We wade into a sea of people in various colors and prints of down jackets, ear muffs, scarves, wool coats, dirty snow boots, wet floor and clanging carts. Up and down the crowded aisles I trudge, the kiddies throw their hats and mittens into cart, still sniffling. Baby bottle leaks. More requests to use the restroom. Tantrums ensue.

 

After a grueling hour, I find all the necessary larder and drag us all to the LONG LINES at the register.  Eventually it is my turn. I place all the items on the conveyor belt, trying to pry little fingers away from the candy strategically located at the register.  Some of the items are VERY heavy and I was chronically anemic so it was NOT fun.

 

I pay for the foodstuffs, and roll the cart AND the children to the car. I have to load all of the provisions into the car after situating the kids in their respective car seats. It starts snowing, if it had not already. My hair floats around my face, mixes with my snotty nose, escapes my stupid-looking wool hat, gets in my eyes. My glasses fog up.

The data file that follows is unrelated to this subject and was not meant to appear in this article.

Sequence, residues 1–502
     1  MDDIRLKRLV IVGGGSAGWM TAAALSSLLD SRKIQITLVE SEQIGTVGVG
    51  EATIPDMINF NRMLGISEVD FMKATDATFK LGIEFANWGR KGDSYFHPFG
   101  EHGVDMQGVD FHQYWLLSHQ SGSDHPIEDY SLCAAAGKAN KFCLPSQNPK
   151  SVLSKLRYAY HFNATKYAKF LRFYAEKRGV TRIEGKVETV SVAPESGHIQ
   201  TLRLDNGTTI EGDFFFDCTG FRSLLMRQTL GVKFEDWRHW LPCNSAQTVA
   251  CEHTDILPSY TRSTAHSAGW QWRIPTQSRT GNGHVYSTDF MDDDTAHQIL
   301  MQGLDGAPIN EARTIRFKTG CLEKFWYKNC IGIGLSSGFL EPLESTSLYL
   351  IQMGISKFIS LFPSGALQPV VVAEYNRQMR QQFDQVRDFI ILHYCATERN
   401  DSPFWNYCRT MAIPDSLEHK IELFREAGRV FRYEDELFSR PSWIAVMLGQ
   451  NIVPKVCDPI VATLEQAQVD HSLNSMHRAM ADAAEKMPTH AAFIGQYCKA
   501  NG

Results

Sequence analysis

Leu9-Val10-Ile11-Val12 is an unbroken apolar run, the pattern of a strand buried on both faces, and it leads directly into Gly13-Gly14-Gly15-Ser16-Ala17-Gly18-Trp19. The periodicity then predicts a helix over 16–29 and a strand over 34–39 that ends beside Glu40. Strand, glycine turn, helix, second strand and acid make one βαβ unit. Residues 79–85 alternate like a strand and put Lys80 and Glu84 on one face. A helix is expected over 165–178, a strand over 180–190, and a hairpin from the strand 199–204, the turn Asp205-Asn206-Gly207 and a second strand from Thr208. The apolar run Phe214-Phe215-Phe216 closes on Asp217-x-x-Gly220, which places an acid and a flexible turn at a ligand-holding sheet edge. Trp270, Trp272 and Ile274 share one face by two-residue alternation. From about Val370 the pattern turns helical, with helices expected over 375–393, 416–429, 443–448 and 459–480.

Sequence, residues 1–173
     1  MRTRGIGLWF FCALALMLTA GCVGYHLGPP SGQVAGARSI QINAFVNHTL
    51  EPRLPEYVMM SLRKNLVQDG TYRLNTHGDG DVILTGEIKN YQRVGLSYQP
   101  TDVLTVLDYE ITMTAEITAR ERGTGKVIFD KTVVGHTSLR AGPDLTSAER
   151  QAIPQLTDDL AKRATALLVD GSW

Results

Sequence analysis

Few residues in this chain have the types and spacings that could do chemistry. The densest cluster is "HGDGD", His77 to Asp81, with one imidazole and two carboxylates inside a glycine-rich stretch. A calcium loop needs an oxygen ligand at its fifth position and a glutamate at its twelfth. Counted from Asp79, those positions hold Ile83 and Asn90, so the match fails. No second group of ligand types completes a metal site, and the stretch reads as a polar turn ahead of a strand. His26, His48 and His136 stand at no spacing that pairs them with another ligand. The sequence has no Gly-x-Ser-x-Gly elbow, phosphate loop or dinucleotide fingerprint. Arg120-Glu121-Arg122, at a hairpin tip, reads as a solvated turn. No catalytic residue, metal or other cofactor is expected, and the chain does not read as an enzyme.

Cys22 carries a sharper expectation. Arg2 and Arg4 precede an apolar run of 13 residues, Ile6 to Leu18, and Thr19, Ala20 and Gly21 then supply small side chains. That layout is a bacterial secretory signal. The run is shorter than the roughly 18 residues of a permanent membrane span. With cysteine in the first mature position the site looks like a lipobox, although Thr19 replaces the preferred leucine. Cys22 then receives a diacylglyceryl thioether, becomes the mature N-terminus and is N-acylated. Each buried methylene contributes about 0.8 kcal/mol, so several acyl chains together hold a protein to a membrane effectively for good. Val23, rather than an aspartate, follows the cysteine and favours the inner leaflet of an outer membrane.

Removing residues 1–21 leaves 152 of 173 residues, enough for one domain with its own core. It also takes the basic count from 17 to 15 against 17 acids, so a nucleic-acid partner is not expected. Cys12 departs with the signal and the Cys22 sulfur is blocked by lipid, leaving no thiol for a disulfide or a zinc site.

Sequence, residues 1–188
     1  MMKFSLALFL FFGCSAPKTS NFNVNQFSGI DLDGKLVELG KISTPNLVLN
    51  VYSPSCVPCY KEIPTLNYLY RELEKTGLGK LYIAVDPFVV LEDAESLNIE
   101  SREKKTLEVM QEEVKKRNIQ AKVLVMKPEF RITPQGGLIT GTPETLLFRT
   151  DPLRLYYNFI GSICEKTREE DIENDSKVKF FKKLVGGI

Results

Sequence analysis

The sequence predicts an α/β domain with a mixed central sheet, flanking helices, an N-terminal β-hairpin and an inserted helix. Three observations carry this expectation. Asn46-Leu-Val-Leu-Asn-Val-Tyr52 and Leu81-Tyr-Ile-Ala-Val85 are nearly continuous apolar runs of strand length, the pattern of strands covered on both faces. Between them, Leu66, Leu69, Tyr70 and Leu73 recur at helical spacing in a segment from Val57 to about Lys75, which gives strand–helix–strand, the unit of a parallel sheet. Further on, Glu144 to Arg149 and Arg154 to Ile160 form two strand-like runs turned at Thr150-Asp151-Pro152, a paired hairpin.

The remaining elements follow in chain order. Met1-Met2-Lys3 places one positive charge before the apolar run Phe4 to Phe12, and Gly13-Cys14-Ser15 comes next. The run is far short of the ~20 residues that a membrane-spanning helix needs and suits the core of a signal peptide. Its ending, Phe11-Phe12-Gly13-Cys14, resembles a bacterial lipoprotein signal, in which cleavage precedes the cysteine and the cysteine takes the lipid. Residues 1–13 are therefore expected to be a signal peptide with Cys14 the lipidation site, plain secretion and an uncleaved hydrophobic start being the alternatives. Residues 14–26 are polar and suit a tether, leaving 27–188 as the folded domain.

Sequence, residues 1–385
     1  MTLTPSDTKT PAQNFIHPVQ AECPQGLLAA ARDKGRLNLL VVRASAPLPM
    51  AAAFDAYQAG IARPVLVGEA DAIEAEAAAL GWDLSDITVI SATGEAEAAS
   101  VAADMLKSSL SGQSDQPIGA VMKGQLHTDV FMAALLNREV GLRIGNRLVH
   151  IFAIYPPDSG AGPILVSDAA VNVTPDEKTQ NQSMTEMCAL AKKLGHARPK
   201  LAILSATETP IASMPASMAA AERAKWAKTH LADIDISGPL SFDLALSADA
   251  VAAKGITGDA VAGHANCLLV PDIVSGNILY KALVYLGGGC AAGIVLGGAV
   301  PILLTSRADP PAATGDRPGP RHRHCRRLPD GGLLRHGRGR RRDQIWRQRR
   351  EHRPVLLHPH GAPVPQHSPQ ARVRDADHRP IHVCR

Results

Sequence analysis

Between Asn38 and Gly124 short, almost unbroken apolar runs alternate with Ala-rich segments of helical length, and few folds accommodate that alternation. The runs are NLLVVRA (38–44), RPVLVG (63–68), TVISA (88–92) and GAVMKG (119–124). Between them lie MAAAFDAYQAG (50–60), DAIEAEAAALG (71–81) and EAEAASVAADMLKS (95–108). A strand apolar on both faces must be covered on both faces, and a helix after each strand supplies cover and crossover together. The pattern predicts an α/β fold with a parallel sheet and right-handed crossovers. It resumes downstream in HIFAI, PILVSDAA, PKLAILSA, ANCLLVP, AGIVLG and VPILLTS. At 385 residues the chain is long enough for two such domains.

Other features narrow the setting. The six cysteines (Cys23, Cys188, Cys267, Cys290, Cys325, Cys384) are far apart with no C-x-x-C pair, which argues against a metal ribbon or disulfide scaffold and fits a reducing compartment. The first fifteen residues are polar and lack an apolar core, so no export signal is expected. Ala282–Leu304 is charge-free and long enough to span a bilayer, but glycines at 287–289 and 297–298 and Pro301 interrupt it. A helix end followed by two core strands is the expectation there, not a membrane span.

I drive home, unload all the children, then the 8 bags of groceries, and have everyone remove their icy, snow-packed boots and leave them at the front door.  My Darlings shuck off their winter garb and toss it into ONE wet pile.  I place the bags on the table or counter and rush to start dinner, in the spring or summer, ofttimes still in my high heels and office suit.

 

I even made lasagna and Shepherd’s pie and other wonderful dinners from scratch - and there was no microwave; it had not yet been invented. The children run around screaming.  My feet, hands, back and brain ache.  A few crumpled dollars are in my blouse pocket.

 

I am beyond tired. Sometimes my vision took on a glittery surreal view of all of this work load and psychically removed my emotions from the effects of yet another massive energy depletion - when I had no energy to begin with. And we won’t start talking about my lone cleaning off the table after supper, next to scrape the plates, store the leftovers in good ole Tupperware, and stuffing the dishes into the dishwasher.  Instead of drinking a glass of wine, reading the paper or a novel or the daily newspaper, I am giving my children baths, reading stories, helping with homework, etc. Strange oddities float in the bathtub. I dared not ask. One child washes the baby's hair with soap.  Another its eat.  One kid tosses a plastic Octopus into the toilet.